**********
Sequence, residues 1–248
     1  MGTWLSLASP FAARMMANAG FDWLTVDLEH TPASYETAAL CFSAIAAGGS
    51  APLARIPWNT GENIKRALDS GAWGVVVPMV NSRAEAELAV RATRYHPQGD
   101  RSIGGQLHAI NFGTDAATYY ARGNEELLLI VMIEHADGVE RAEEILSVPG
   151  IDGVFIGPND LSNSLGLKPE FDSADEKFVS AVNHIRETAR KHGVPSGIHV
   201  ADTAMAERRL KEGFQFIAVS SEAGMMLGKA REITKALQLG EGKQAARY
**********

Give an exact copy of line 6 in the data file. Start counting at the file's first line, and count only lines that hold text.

   201  ADTAMAERRL KEGFQFIAVS SEAGMMLGKA REITKALQLG EGKQAARY